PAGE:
This is a rush transcript from "On the Record ," March 9, 2009. This copy may not be in its final form and may be updated.
GRETA VAN SUSTEREN, FOX NEWS HOST: Tonight: Down to the wire. We are just hours away from the Senate's vote on the massive $410 billion omnibus spending bill, the bill that is supposed to fund your government from right now until September 30. Now, at this hour, Senate majority leader Harry Reid is working hard to find 60 votes to shut off debate about the bill, but opponents of the bill are not going down quietly. Two Democratic senators plan to vote against the bill. Yes, two Democratic senators who are opposing their Democratic colleagues and their Democratic president. Senator Russ Feingold from the great state of Wisconsin and Senator Evan Bayh of Indiana both plan to vote against their party and the president.
Moments ago, Senator Bayh went "On the Record."
VAN SUSTEREN: Senator, in its current form, the $410 billion spending bill is not one you're going to vote yes for, is that right?
SEN. EVAN BAYH (D), IN: Well, I'm not going to support it Greta, no. I think there are substantive problems and definitely perception problems. We're running more than a trillion-dollar deficit. Our national debt is going up more than a million dollars every minute. And this bill over the next 10 years will add $250 billion on top of that.
I mean, think about this. If we just held the line for the next seven months in this fiscal year, we'd save seven months -- we'd save $250 billion. That's more than a third of all the money we're being asked for to reform the entire health care system in the country. So that's the substantive problem.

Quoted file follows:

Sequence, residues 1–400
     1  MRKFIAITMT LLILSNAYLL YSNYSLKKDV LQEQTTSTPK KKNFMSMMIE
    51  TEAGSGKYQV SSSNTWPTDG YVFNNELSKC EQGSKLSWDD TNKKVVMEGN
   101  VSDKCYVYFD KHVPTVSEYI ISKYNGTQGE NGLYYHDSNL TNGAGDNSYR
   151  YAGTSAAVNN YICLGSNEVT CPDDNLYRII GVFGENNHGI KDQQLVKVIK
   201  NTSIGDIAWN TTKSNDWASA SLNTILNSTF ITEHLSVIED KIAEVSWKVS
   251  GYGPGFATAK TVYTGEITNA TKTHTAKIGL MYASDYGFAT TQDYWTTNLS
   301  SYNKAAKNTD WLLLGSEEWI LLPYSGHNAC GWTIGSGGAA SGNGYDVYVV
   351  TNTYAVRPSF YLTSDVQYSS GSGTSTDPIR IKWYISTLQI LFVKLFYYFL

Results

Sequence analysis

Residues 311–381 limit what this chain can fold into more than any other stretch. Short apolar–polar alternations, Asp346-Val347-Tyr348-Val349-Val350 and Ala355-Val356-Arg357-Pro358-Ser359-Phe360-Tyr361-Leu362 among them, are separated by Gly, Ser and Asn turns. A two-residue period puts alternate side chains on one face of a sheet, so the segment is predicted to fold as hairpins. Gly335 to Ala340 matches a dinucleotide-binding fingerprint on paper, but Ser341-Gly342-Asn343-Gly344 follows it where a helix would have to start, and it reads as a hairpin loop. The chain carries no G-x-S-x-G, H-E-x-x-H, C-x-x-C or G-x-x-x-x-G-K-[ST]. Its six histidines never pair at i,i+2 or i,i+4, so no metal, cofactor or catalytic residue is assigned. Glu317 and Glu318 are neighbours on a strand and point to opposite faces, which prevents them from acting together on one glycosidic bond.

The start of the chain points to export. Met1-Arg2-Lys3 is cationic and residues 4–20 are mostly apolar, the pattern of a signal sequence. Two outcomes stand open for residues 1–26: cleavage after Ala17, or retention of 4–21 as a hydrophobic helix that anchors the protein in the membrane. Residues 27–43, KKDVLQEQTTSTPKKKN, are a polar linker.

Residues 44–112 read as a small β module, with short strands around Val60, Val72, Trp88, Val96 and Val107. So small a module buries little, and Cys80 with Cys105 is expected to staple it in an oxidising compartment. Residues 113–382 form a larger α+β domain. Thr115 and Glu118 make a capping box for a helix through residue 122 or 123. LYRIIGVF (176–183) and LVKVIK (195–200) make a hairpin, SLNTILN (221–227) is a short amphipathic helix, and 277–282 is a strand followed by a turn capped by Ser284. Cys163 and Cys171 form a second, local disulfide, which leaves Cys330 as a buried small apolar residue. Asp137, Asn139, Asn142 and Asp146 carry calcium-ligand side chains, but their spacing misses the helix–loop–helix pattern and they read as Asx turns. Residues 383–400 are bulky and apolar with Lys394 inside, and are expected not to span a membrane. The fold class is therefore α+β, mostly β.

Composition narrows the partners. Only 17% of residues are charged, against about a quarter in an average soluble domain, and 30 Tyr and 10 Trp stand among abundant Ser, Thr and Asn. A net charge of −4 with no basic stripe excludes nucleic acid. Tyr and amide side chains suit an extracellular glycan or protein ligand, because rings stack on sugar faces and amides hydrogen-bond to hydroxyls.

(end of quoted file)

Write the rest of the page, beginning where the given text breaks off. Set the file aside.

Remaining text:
The perceptional (SIC) problem is that so many Americans are tightening their belts, trying to get through these difficult times, I think it's important for Washington and the federal government to show solidarity and do the same, to give up some of our projects to show that we can tighten our belts. I mean, even for seven months, that's not asking for too much.
VAN SUSTEREN: Well, you are one of the few Democrats -- Senator Feingold -- and I might add, from the great state of Wisconsin, which I always add -- he's also a Democrat who at least in the current form is going to vote no. Why is it that the two of you seem to be the only ones who have that thought and the rest of the people in your party think, It's fine, we'll vote for it and fund the government until September 30 at this number?
BAYH: Well, maybe it's just good Midwestern common sense, Greta. But in my case, it's the fact that I was a governor. I had to balance budgets even during difficult times, and sometimes you have to defer thing you want to do. Sometimes you have to make tough decisions to hold the line on spending. And in this particular case, this is just general government spending. It's not targeted at creating jobs. It's not designed to try and keep the financial system from going down. It's just across-the-board spending, many times the rate of inflation, many times the rate of inflation. And with the deficits that we have, all the money we have to borrow from abroad, which weakens our country, this is not something we should be doing now.
VAN SUSTEREN: Yes, I can see, you know, maybe sort of selfishly wanting your own sort of pork project to go through, but the problem is that there are so many. I mean, the numbers are extraordinary, how many of these -- over 8,000 earmarks in this. So you would think that while you might support -- really want yours, if you see 7,999 others, you might have a different view. They don't?